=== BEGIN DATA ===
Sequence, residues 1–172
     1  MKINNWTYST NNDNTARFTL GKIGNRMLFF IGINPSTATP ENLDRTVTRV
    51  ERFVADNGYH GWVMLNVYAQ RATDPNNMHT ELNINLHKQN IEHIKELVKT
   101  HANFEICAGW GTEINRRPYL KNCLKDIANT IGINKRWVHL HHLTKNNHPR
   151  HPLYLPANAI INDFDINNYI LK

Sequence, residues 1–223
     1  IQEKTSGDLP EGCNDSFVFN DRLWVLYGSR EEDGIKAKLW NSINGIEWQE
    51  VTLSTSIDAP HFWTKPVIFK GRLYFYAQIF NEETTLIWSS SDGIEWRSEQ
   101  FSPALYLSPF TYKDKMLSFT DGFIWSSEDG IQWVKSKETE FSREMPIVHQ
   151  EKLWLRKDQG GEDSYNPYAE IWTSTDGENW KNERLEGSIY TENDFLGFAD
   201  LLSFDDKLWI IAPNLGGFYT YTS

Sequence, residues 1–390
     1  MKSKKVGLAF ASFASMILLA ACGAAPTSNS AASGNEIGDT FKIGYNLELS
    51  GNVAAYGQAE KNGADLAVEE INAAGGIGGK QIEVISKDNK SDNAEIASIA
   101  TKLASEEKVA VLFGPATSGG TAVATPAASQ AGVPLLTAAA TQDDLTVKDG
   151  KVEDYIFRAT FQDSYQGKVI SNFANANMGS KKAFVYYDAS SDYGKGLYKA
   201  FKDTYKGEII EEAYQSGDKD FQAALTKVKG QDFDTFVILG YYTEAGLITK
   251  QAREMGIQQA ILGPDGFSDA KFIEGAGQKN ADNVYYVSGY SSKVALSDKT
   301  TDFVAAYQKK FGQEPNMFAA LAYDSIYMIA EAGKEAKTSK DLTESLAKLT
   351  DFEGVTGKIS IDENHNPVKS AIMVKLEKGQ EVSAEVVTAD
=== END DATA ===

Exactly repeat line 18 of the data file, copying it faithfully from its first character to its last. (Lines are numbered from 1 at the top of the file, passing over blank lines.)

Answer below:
   251  QAREMGIQQA ILGPDGFSDA KFIEGAGQKN ADNVYYVSGY SSKVALSDKT